What I find interesting is the phrase, “in him is pleased to dwell every fullness.” Not just fullness, but every fullness is pleased to dwell in him. There is a sense that his divinity is in superabundance, and that it cannot be diminished. Despite having died, he is the firstborn of the dead, his divinity is not reduced by that. He was a human, but that too did not reduce his divinity. After all, everything came into being in and through him.

Notice too the beginning and ending of the hymn. “He is the image of the invisible God” and “to reconcile all things to him, after making peace through the blood of his cross.” Christ is the image (eikwn) of the invisible God… Christ pours himself out for us, in the same way that God the Father poured out his love to begin creation in the first place.

So how does all of this relate to Christ being King anyway? Modern humans in the West have little understanding of what it means to live under a king. In America we live under a president. We would never believe that all things belong to the king. I think it’s apparent that most Americans see the need for some of their money to go to the state for various benefits, but they are always seeking to minimize that amount. Even when they want to increase taxes, they try to do so in a way that minimizes how much. Here Christ as our king claims everything. Everything is meant for him. We owe it all to him, being subjects in his kingdom of light. Of course, what does that mean? It means that all of our goods should serve him. So of course, not all of our money should be handed over to the Church. We all need to eat and be sustained bodily. We need to raise our children, put a roof over their heads, and clothes on their backs. That can all, I think, be seen as serving Christ. But what about the rest? I am literally surrounded right now by boxes of mine that are unused for any purpose mostly. These boxes are things that I have accumulated throughout years. How do these serve Christ?

It is in our king that every fullness is pleased to dwell. We should be free from the need to accumulate more and more, to hoard. Our abundance comes from the one in whom all abundance exists, that is where we should look for our sense of abundance. We share in that inheritance.

Grace and Peace.


Phillip said...

I know this Sunday is Christ the King, but might this Colossians text actually suggest that Christ is the kingDOM? It was Origen who said, "The Gospel Jesus is autobasileia, the kingdom himself," and there is some echo to this in vv 13-14. "Kingdom" (basileia) is feminine in the Greek, yet the relative pronoun in v 14 is masculine. God has "transferred us into the kingdom of his beloved Son, in WHOM (not "in which," which would sound a little less awkward) we have redemption, the forgiveness of sins." At this point, the writer of Colossians almost makes Jesus sound like a place where things like redemption happen, yet we usually don't think of a person as a place. God's kingdom happens where Jesus is present. Jesus' kingship is therefore dynamic, eternal, able to operate inside our time and outside of it. It spans death, which is the de facto downfall to all earthly kingdoms. The kingdom of God comes among us now--often in secretive ways--but that does not mean that Christ is limited to ruling as King wherever he can eke out territory in this world--in a stable manger, in a fishing boat, on an church altar, in a political platform, etc. No, Christ is able to be King over and in and through and in spite of all things. When Christ is with me and I know his benefits, I'm therefore already living in his kingdom, I'm already transferred there. And yet, I can pray "thy kingdom come," that all the world--including me--may become truly redeemed and reconciled "IN CHRIST" and know more fully that we have been created for him.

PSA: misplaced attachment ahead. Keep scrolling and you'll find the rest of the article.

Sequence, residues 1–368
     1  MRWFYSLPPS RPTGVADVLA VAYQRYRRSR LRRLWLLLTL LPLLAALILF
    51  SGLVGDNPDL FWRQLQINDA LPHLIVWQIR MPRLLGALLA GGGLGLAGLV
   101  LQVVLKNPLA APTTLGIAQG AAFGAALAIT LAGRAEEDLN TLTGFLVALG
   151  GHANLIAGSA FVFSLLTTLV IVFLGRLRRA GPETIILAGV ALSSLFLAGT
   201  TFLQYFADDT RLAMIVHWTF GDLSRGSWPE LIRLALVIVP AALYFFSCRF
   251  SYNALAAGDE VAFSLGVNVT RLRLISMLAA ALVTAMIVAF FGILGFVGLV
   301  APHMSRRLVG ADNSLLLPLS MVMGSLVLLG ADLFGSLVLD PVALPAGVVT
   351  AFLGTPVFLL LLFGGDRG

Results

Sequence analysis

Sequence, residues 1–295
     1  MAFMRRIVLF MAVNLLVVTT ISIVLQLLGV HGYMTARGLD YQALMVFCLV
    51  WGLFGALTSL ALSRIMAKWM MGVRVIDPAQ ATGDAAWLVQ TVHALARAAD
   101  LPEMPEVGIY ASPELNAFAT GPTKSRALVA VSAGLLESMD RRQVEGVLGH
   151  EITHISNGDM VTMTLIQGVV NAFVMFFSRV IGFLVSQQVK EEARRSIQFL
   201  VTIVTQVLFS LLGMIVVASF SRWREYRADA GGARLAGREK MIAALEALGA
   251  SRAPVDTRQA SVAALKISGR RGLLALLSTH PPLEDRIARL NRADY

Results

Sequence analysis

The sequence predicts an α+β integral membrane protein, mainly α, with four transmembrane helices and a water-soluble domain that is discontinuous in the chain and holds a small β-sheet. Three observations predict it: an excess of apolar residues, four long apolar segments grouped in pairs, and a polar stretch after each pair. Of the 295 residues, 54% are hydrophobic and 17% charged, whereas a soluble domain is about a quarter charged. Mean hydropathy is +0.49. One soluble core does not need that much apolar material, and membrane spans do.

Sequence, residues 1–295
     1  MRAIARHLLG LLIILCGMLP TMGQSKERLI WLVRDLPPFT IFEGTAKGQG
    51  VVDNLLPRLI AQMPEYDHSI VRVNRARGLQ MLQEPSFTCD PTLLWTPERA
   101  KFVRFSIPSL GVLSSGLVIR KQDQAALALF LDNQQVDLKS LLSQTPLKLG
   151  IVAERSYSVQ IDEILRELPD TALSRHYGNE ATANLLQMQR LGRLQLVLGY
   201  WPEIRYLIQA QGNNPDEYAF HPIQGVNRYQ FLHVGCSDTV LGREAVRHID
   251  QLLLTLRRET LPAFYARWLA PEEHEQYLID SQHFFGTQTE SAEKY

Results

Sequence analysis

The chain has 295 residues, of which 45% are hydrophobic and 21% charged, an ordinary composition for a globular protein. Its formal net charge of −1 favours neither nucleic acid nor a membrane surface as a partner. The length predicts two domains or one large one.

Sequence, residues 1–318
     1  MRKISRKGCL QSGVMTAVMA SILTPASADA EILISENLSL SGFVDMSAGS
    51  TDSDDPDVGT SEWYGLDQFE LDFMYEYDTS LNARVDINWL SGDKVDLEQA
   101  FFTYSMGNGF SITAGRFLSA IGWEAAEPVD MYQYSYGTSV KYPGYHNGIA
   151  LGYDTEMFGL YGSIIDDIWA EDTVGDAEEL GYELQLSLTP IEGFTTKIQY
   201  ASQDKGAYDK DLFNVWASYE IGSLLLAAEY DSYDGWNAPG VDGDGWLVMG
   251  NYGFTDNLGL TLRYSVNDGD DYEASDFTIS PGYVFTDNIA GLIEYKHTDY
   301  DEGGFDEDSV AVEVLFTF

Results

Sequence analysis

Brian said...

You make some good points Phillip as always.

And I know you like Origen, but he does make me a little nervous at times. :)


Brian said...

Some further reflection on your comments Phillip, made me think about the text a little bit more.

The text says that we are rescued from the darkness and brought into the kingdom of his beloved son (eis thn basileian tou huio ths agaphs autou). What is the use of the genetive?

It could be that the genetive serves the use to locate the kingdom or more precisely describe what (or who!) the kingdom is...

brought into the kingdom in his beloved son

brought into the kingdom which is his beloved son

Of course, the sense that probably makes the most sense is that of the kingdom which belongs to the beloved son... i.e. the beloved son is the ruler of this kingdom and we are brought into it.